Welcome emails need to get your new users excited about what they’re going to do next. And that is interacting with your product.
They are also a great opportunity to convince customers of the value you’re providing, so they continue doing business with you.
In the end, if you want to make a good first impression during onboarding, you should send effective welcome emails.
2. The Early Re-Engagement Email / Building Block Email
When customers first sign up and try out your product, you have a small window of opportunity to cement the value of your product in their minds.
Customer engagement is at its highest in the first 48 hours, so it is crucial to provide value and interact with users in a meaningful way in this period.
If you don’t show users how to use your product in a way that will benefit them in the long term, you’re risking that they abandon your product after a single use. This happens to almost 25% of apps.
But the good news is that you can combat this by using early re-engagement emails to help customers use your product in the right way.
The purpose of early re-engagement emails is to introduce the customer to your product’s main benefits and point out relevant features they’ll love to use.
This email is often referred to as “building blocks” email because it strives to get people trying out more product functionalities in order to understand it better and get used to it.
Basically, these emails are great for motivating new users and giving them a nudge to adopt your product.
Look at this effective early re-engagement email from Squarespace.
There are three things that stand out in this email.
First, the company reassures the customer that they have their back. ‘’We’re in this together!’’ is what Squarespace is saying to the customer.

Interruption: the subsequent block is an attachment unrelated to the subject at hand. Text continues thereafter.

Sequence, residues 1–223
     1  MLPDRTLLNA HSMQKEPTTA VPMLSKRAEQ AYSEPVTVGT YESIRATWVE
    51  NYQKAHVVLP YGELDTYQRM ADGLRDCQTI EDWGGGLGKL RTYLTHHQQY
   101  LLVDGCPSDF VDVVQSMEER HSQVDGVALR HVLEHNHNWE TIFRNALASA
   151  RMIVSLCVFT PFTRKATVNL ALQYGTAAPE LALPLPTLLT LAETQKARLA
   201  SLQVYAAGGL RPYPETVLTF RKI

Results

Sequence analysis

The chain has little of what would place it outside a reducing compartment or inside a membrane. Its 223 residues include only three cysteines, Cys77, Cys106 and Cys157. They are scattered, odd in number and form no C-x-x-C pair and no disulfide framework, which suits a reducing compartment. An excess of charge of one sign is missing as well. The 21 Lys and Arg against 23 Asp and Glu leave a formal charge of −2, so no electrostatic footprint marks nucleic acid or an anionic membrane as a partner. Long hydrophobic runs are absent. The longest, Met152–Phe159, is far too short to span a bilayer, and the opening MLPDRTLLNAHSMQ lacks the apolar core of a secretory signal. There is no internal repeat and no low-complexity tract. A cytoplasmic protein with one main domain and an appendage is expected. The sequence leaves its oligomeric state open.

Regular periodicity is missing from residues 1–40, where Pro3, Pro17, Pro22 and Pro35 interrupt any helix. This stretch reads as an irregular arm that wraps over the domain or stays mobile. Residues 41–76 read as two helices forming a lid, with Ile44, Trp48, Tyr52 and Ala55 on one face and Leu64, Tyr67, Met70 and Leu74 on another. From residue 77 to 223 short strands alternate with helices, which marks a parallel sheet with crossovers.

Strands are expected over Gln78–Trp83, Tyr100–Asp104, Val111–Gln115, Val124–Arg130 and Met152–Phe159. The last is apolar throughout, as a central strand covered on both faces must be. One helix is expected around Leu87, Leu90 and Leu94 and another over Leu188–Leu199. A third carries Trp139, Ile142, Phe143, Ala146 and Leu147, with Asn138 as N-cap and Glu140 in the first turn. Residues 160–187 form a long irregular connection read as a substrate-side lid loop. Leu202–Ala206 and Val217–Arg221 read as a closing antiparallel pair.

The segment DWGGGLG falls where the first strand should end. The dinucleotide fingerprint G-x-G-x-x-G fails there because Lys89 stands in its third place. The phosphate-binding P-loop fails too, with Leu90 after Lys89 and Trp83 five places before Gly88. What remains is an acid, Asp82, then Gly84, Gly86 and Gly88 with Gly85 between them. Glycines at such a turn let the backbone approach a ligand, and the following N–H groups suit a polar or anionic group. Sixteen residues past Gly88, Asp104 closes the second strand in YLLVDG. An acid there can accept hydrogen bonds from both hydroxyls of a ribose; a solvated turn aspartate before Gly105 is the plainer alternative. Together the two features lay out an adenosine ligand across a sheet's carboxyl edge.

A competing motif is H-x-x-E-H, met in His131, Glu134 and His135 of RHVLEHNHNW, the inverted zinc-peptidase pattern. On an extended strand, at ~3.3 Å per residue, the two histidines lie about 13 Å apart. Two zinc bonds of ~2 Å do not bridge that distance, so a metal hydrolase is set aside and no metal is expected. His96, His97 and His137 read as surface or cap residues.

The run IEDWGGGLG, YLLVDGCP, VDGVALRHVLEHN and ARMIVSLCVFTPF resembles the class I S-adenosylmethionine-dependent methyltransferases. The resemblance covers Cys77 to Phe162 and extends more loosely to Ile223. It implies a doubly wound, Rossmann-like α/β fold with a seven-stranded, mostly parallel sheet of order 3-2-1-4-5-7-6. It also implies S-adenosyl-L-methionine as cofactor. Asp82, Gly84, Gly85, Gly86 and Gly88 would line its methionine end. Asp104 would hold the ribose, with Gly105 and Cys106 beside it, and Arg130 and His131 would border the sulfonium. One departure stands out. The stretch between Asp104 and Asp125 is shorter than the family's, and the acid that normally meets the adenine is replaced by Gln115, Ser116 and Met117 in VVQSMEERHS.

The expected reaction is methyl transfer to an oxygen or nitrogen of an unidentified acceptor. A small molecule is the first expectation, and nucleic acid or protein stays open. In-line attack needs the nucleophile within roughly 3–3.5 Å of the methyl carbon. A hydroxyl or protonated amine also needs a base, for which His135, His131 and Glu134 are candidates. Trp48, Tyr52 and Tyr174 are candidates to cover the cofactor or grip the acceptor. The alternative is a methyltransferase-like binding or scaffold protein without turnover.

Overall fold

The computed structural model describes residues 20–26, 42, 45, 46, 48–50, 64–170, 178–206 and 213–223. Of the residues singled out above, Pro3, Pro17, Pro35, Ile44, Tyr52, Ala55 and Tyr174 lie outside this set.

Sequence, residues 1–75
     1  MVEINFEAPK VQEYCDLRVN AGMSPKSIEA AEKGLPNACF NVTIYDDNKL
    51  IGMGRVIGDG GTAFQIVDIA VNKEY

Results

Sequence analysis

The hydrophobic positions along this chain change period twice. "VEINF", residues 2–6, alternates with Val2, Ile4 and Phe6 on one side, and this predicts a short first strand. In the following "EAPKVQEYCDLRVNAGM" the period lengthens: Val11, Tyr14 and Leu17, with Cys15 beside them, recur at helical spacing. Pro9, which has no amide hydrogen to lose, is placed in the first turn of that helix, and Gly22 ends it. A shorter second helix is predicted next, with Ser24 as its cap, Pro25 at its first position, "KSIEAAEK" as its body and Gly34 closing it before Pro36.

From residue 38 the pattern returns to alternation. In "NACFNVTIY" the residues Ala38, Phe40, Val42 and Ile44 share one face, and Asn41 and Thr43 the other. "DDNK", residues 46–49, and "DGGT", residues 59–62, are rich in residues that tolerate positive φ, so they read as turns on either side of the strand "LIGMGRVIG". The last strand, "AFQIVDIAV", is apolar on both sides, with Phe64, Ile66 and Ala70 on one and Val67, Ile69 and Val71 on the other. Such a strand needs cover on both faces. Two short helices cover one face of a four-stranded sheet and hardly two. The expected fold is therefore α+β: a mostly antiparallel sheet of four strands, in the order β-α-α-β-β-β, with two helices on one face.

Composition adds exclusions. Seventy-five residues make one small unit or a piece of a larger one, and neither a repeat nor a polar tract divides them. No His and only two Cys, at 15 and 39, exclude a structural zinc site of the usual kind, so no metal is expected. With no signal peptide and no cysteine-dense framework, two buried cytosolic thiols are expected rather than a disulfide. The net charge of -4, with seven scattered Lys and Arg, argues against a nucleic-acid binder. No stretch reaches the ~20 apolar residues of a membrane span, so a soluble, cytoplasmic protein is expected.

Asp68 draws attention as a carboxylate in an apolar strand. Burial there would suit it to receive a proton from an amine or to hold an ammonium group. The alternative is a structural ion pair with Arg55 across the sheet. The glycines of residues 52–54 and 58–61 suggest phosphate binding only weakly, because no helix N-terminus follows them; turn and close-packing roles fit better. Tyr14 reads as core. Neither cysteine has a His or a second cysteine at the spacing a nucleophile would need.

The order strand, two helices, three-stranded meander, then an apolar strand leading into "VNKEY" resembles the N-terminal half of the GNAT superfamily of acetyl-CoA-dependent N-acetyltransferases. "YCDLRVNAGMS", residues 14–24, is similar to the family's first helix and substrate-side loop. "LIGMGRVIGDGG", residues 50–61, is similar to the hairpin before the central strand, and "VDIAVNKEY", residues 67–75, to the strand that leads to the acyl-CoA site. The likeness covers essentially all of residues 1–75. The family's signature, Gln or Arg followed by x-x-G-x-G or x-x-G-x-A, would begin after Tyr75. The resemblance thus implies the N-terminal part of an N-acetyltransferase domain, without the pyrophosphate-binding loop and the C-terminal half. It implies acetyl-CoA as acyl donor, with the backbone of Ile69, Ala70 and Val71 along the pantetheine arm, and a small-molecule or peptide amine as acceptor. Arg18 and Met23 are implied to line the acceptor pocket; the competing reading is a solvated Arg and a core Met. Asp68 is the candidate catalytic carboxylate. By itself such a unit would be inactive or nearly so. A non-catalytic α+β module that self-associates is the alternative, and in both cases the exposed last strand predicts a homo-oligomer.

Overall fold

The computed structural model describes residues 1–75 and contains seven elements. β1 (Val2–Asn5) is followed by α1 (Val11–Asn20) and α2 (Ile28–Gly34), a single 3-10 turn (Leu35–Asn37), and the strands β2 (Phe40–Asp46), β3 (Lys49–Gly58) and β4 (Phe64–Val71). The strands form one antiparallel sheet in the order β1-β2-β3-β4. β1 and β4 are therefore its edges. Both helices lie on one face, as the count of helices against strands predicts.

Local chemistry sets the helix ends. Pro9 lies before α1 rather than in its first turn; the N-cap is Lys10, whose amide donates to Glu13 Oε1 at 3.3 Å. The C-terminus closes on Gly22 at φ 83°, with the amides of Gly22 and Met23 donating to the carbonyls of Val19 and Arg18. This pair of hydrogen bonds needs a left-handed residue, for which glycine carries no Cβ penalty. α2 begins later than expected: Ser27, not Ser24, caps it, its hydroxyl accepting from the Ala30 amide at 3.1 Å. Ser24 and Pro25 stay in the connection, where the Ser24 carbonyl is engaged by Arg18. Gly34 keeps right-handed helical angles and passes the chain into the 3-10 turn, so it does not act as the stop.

That way, they want to build on a positive first impression and create a long-lasting relationship with the customer.
After that, Squarespace offers links to helpful guides to cover the basics of content creation. Their new user might be overwhelmed by the number of features Squarespace has, so they’re helping them start without fear.
Finally, they provide social proof of the value of their product by linking to case studies of the way that value was extracted by their other customers.
This shows the new customer that other successful users used to be in the same position as them when they started using Squarespace’s product. In that way, the company further motivates new users to engage with the product more. .
Remember that your new user is just starting to learn how to use your software, so they might feel overwhelmed.
Motivation is key for successful product adoption, so use early re-engagement emails to educate your new users on how to implement your product to address their specific needs.
That way, you’ll create a loyal customer base that will bring you profit for the foreseeable future.
3. The Milestone-Reached Email
How does this email make you feel?
A customer who received this email from Ascend had recently fulfilled their first goal with the company’s product. So, the company celebrated their progress by sending them a “pat on the back” email.
This is a great practice for your onboarding process. If you see that customers reach important milestones with your product, it makes sense to acknowledge their good work, right?
First, let’s explain how motivational emails are different from other onboarding emails.
While you use welcome emails and re-engagement emails to explain the product’s value to your customers, motivational emails enforce product adoption, the process of the customers implementing a product into their daily lives.
Recognizing their accomplishments with your product encourages customers to use your product more.
So, motivational emails create bonds with customers and build habits.
What you’re essentially saying with motivational emails is: “Good job on reaching this milestone! Let’s see what more we can accomplish!”